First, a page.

Fred Clark over at Slacktivist recently made another post in his series about what motivates some people to disseminate false, injurious information about others despite that information being demonstrably false. In this particular post, Fred uses the videos over at Good Fight Theater as an example for the continuing discussion. While I highly recommend Fred’s post and the ongoing series of which it is a part, I wanted to look at a related but slightly different topic: The way that groups like Good Fight Ministries tend to stretch and twist whatever they’re looking at to make it fit Christian theology and/or cosmology.
For this post, I’m going to focus on GFM’s video regarding the first Transformers movie. I’ve watched clips from a few other GFM videos, and I get the impression that my criticisms can be adequately applied to most of their videos. But as the Transformers video is the only one I’ve watched in full, I’ll focus on that one.
The goal of the GFM video is to suggest and argue that Transfomers — and other movies about aliens (and an interest in aliens in general) — is an attempt to brainwash humans into accepting the lead of demons during the final battle of Armageddon as portrayed in Pre-Millenial Dispensationalism. (As an aside, Fred also offers a wonderful look at PMD theology as part of his ongoing review of the Left Behind series.) GFM does this by suggesting that in Transformers, Michael Bay is effectively portraying the fallen angels of Armageddon with as the good guys — in the form of the Autobots — and God and the angels of Heaven as the bad guys — in the form of the Decepticons. However, it seems to me that GFM has to make a lot of assumptions — assumptions I’m inclined to question, challenge, and even refute — in order to make that argument.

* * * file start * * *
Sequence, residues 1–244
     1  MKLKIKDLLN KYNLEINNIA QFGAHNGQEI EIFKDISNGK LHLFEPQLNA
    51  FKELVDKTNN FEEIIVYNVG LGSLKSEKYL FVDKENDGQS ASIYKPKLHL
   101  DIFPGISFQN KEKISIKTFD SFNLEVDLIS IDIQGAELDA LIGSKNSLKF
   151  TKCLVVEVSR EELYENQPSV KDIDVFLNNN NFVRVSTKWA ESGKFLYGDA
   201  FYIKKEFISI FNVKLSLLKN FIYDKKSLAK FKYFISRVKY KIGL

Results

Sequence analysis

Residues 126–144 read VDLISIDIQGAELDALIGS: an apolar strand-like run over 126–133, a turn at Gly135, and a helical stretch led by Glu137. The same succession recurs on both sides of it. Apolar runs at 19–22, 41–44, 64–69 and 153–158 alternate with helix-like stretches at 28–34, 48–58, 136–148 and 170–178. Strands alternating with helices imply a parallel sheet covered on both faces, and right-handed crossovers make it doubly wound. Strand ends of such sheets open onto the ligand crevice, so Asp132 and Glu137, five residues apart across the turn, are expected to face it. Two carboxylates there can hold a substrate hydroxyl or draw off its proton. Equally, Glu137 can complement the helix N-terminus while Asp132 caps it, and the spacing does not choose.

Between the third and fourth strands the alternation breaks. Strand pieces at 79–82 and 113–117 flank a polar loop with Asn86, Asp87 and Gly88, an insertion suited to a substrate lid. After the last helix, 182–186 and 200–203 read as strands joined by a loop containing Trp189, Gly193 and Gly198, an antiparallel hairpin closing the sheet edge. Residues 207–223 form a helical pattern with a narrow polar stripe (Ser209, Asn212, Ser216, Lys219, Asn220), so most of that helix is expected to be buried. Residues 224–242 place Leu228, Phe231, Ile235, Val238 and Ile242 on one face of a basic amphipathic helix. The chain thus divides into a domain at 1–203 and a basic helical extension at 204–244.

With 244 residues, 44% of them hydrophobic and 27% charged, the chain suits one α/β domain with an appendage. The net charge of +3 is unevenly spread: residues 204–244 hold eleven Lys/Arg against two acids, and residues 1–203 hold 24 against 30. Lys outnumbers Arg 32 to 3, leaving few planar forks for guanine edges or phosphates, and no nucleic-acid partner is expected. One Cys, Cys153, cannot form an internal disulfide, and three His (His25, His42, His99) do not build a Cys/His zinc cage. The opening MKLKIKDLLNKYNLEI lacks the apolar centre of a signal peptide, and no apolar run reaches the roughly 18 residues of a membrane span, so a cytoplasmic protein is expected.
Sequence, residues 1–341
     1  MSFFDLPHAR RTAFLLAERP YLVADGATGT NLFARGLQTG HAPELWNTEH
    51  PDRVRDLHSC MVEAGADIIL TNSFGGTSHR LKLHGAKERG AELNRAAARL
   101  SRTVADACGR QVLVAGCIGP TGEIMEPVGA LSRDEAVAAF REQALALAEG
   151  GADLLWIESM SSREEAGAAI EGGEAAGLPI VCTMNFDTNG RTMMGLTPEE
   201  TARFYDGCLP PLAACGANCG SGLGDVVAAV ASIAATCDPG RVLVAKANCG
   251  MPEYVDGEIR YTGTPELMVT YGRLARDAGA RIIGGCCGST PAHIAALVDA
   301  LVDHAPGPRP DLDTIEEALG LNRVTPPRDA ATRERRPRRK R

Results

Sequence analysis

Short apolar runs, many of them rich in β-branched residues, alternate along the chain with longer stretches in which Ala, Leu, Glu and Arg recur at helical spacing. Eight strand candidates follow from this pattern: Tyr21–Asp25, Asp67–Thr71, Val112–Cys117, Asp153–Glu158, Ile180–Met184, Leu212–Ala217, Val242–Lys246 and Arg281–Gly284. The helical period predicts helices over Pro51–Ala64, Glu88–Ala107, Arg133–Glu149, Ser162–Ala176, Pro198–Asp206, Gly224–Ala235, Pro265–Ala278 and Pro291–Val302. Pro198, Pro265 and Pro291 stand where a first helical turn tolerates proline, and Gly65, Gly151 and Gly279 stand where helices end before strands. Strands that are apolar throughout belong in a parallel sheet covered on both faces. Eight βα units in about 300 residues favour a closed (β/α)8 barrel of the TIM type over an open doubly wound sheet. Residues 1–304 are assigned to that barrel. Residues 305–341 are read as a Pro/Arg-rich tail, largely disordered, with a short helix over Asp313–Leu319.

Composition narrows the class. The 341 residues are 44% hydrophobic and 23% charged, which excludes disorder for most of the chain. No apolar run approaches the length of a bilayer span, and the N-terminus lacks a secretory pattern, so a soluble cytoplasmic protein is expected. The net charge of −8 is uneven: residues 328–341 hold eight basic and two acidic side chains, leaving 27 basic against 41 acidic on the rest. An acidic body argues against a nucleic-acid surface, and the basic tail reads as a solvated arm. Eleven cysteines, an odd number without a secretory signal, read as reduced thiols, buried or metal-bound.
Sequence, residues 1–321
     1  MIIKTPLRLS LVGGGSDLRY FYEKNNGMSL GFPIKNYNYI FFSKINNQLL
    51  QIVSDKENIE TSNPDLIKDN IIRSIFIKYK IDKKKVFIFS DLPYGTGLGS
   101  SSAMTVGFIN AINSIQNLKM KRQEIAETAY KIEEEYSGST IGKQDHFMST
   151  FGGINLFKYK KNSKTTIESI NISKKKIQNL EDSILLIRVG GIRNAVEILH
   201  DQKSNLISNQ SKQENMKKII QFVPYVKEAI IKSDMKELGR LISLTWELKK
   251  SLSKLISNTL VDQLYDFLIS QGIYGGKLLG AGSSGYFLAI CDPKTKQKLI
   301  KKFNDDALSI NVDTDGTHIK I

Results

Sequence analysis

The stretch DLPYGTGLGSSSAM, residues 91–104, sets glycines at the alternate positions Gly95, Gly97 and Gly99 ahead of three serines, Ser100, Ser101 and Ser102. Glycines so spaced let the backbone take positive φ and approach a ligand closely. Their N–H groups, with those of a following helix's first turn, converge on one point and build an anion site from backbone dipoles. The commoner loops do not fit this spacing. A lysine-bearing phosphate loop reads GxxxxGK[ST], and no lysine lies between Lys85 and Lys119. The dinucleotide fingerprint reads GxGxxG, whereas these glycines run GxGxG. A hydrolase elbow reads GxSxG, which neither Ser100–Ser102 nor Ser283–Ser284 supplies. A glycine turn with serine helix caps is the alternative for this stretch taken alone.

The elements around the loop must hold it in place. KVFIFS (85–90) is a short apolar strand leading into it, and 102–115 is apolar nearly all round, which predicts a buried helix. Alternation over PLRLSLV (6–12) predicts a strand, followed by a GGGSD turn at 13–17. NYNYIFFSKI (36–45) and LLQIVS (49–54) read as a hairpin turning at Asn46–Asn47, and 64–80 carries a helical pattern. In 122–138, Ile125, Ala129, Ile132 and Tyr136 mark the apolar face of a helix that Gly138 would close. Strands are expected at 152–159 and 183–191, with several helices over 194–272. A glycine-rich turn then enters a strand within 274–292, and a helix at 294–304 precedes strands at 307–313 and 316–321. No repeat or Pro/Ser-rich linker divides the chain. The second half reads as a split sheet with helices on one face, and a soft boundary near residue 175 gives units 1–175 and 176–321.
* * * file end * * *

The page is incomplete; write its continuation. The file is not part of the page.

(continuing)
The first assumption is that the Cube — the original source of creation life on the Autobots’ home planet — is somehow representative of the Christian god. It’s not clear to me why GFM makes this claim. While it is certainly understandable that the Cube possesses capabilities that is often considered the sole domain of the Christian god, I find that a tenuous argument for this comparison. After all, nothing suggests that the Cube is the creator of the entire universe or even all life in it. If the Cube is not the sole source of life — and much in the movie left me with the impression that its not — then the comparison between the Cube and the Christian God quickly falls flat.
Another consideration is the nature of the Cube. Specifically, the Cube is not portrayed as a conscious being with personality or identity. Again, this separates it from the god of Christianity, which is very much a conscious being with personality and identity. This alone suggests that a better parallel to a divine force found in other religions that have a more impersonal conceptualization of God.(1)
This impersonal nature of the Cube creates another problem for the assumptions in GFM video. The GFM video suggests that Transformers is based on the Gnostic idea that God is evil. However, how can an impersonal god like the Cube be evil? The Cube has no plans and gives no orders. All of the actions of the Decepticons — those GFM ministries would like us to believe are the stand-ins for Jesus and the heavenly host in the movie — come from Megatron, not the Cube.